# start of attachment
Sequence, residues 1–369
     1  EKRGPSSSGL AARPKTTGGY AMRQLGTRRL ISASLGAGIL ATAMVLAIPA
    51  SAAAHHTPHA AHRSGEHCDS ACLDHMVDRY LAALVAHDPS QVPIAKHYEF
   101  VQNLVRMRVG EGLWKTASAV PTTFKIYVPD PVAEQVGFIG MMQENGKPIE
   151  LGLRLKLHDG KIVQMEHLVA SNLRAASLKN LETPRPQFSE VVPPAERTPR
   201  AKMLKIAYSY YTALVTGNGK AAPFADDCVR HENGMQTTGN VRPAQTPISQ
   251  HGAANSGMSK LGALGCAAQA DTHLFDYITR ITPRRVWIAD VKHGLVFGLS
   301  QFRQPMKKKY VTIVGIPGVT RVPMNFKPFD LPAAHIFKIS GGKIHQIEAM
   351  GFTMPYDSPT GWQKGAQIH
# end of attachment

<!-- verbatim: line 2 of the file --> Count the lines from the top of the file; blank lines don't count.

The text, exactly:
     1  EKRGPSSSGL AARPKTTGGY AMRQLGTRRL ISASLGAGIL ATAMVLAIPA